Is syntax a signal of aggression in hermit thrush (Catharus guttatus) song?

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University of New Brunswick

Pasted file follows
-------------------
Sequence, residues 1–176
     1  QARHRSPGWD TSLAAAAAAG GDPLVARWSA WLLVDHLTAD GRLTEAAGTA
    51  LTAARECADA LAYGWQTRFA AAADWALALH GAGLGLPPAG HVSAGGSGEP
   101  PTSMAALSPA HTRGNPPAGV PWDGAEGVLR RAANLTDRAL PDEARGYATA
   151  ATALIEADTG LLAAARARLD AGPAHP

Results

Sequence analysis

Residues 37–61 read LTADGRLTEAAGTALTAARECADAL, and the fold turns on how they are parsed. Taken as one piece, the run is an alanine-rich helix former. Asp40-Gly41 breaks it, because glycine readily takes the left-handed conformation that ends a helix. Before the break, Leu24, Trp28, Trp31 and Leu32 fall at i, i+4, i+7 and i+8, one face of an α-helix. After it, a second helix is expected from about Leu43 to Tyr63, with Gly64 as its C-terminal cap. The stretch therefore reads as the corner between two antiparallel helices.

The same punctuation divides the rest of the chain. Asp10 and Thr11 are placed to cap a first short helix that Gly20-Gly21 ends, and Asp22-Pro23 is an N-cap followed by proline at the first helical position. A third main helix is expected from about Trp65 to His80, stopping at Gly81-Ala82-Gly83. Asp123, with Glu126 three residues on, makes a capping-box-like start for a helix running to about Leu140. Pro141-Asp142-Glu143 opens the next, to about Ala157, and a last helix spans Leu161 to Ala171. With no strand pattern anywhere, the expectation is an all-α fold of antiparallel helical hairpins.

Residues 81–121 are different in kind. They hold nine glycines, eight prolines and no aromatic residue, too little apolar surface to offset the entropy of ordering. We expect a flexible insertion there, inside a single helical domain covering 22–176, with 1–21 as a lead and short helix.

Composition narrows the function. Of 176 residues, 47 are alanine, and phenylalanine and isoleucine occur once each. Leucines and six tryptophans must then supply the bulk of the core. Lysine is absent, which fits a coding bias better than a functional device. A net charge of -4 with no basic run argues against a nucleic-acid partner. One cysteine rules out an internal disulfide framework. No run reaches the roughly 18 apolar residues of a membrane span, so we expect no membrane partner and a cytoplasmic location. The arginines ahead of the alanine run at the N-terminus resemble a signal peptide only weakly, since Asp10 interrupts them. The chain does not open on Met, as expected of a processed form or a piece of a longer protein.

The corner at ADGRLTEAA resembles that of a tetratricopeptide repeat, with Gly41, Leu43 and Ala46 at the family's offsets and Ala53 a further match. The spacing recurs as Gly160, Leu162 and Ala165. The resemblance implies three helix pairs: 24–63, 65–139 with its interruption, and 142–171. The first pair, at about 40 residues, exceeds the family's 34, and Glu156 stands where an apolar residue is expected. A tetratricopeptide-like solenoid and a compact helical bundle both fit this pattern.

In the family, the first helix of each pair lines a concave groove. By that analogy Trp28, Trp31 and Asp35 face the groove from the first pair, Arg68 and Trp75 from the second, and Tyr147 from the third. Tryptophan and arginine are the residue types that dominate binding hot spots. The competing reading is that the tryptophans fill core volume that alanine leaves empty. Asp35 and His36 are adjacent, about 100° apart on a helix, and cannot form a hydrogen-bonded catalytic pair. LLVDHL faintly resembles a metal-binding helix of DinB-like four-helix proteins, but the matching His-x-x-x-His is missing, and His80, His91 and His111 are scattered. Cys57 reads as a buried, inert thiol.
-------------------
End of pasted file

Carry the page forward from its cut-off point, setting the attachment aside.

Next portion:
Syntax, which classifies the order song types must follow within a bird's song to convey functional meaning, is thought to play a role in songbird communication. Vocal cues are crucial to male-male interactions and certain species have been shown to alter their songs in response to territorial intruders (Hedley, Denton, & Weiss, 2017). The current study focuses on the use of syntax in aggressive contexts in the hermit thrush, a migratory songbird common to North America. Using playback sessions, this research evaluated the importance of species-typical syntax in conveying aggression in territorial disputes between two males. It was expected that the hermit thrush would react more strongly to songs which contained species-typical syntax than those which did not, however there was no difference in aggressive reactions between the two stimuli. These findings suggest that the hermit thrush may use syntax for other evolutionarily relevant behaviours, such as mate attraction. Vocal responses, including song overlapping and frequency matching, were also assessed and were both found to occur at below chance levels, indicating that birds actively avoided these behaviours during playback. Based on past research, it could be possible that birds are altering their songs to avoid acoustic interference, thus maximizing their signal transmission efficiency. Keywords: aggression, male-male interactions, hermit thrush, playback